Above: Haemanthus albiflos growing in afrotemperate forest habitat on the Garden Route.

Haemanthus albiflos is one of only three evergreen species of Haemanthus. It was first described and illustrated by N.J. Jacquin in 1797 from material collected from the Cape. This species is distributed from Stilbaai eastwards to northern KwaZulu Natal where it grows in coastal and riverine forest, thornveld and valley bushveld in light to deep shade. Flowering takes place from May to October.

Top & Above: Haemanthus coccineus in flower and fruit on the Bokkeveld Escarpment.

Haemanthus coccineus is the most widely distributed members of the species. It is found from southern Namibia southwards to the Cape Peninsula, eastwards to the southern Eastern Cape and inland to Sutherland and Ladismith. This species is found in habitat as varied as its distribution, growing on soils derived from sandstone, granite, quartzite, shale and limestone. Haemanthus coccineus is often found in rocky habitats where it commonly grows in the shade of boulders. In contrast it is also found growing on coastal dunes. Flowering occurs from February to April.

Above: Haemanthus barkerae flowering in habitat.

My first encounter with the intense pink inflorescences of Haemanthus barkerae was a lonely flowerhead lying on the ground after having likely been removed by foraging baboons. This species is endemic to South Africa’s Northern Cape, distributed from Louriesfontein to the Hantamsberg and northern Tanqua Karoo where it grows on heavy clay soil. Haemanthus barkerae was only recently described, previously being thought to be part of Haemanthus pumilio until it was revised by Dee Snijman in 1984. Flowering takes place from March to April.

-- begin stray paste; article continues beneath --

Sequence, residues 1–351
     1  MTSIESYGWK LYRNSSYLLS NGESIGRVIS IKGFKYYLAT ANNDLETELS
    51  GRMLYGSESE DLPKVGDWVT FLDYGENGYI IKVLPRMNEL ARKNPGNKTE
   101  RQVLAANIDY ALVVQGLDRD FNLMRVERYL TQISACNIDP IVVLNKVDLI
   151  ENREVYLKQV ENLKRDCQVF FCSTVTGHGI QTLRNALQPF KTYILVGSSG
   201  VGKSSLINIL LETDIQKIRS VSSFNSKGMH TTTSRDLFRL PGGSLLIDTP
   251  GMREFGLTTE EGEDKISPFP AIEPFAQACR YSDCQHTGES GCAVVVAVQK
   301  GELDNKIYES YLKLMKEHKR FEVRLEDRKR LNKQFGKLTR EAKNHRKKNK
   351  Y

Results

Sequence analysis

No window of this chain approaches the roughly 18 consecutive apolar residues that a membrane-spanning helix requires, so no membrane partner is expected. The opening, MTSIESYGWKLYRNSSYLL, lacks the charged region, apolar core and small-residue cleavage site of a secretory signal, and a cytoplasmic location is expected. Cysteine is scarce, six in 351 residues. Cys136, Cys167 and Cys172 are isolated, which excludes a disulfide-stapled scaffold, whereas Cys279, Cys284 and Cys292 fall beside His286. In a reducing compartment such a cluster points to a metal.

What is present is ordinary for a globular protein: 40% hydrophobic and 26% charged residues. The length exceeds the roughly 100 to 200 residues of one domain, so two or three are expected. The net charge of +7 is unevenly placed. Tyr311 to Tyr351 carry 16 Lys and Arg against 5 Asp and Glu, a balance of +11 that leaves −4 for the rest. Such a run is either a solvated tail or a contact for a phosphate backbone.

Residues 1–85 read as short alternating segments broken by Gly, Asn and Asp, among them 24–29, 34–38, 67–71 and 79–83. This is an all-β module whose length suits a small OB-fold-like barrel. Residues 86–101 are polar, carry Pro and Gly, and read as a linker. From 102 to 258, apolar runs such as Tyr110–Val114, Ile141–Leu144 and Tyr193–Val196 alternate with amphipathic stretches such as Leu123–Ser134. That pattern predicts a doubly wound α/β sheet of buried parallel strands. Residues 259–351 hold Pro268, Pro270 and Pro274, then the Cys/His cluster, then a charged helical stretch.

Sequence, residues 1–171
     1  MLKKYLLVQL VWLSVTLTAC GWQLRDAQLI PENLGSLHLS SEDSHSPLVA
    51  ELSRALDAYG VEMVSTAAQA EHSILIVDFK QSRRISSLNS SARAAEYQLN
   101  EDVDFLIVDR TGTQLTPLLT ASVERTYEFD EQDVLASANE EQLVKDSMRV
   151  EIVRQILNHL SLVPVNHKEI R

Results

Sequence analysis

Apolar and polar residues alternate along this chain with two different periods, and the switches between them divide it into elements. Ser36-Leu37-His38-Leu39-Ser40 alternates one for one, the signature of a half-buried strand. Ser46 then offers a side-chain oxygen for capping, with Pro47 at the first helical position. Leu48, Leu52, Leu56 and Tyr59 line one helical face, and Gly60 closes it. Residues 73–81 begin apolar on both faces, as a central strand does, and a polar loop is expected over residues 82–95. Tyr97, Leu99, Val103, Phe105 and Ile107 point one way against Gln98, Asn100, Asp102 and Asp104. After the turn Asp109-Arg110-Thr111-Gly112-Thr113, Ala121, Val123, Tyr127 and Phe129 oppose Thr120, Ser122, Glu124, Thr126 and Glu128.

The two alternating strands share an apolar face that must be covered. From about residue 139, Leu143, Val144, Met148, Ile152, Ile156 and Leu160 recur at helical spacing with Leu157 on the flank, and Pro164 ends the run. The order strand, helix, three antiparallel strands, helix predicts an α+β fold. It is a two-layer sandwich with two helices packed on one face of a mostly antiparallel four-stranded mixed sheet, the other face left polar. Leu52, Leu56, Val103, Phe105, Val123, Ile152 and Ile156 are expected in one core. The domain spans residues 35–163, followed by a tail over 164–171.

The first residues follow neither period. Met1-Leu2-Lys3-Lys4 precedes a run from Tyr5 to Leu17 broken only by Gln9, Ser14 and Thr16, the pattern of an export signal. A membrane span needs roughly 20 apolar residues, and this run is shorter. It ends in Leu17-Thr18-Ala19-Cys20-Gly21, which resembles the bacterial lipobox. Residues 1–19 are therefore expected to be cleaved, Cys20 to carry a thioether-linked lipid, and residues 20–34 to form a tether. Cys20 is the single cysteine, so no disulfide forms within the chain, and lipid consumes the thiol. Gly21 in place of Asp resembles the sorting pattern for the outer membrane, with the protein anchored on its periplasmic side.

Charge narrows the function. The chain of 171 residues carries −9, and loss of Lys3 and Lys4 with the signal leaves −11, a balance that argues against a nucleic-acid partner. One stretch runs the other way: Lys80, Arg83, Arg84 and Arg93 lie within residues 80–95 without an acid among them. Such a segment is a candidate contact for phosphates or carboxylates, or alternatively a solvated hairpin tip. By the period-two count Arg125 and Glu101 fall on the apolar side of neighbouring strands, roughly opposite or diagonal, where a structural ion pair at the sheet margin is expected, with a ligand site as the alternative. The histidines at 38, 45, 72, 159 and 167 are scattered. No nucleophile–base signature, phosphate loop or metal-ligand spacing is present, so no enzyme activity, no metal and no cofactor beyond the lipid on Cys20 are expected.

Above: Haemanthus canaliculatus flowering after fire in Hangklip Sand Fynbos.

Haemanthus canaliculatus is another range restricted member of the genus, known only from the Overstrand coast between Rooiels and Betty’s Bay. It was first collected in Betty’s Bay by a Mrs. M Brunt in 1943, but not described until 1966 by botanist Margaret Levyns in the Journal of South African Botany. The species epithet of Haemanthus canaliculatus refers to the deeply channelled leaves that typify this species. It is a wetland specialist, growing in peat in Hangklip Sand Fynbos. It flowers in profusion after fire, growing in dense colonies. Haemanthus canaliculatus is Endangered on the Red List of South African Plants as a result of housing development reducing the number of populations.

Above: Endangered Haemanthus pumilio flowering in habitat.

Last but not least is the diminutive Haemanthus pumilio, its species epithet meaning ‘dwarf’ in reference to its low growing habit. This species was first described in 1797 by N.J Jacquin having been introduced to RBG Kew by Francis Masson who collected it at an unrecorded locality at the Cape. Haemanthus pumilio is endemic to the lowlands around Stellenbosch and Paarl where it grows on gravelly clay flats in renosterveld vegetation. Much of its habitat has been lost as a result of urbanisation and transformation for agriculture and it is now only known from a handful of sites. Flowering takes place from March to April and the seeds are thought to be water dispersed. Haemanthus pumilio is listed as Endangered on the Red List of South African Plants.

Out of the Ashes: Post Fire at Harold Porter NBG

Text and images by Zoë Poulsen

New Year’s Eve 2019: In the small Overstrand town of Betty’s Bay a boat flare was set off, landing in the fynbos on the mountains above. The stage was set for what was to be one of the biggest blazes of this year’s fire season. Each year across South Africa’s Fynbos Biome as temperatures rise and summer comes, the veld becomes a tinder box, prone to ignition from rockfalls, lightning strikes, that carelessly thrown cigarette stompie, or a boat flare let off in a reckless moment of thoughtlessness. In summer the beautiful, highly biodiverse, fire prone and fire dependent fynbos can be a tough neighbour to live alongside when wildfire comes knocking at the door.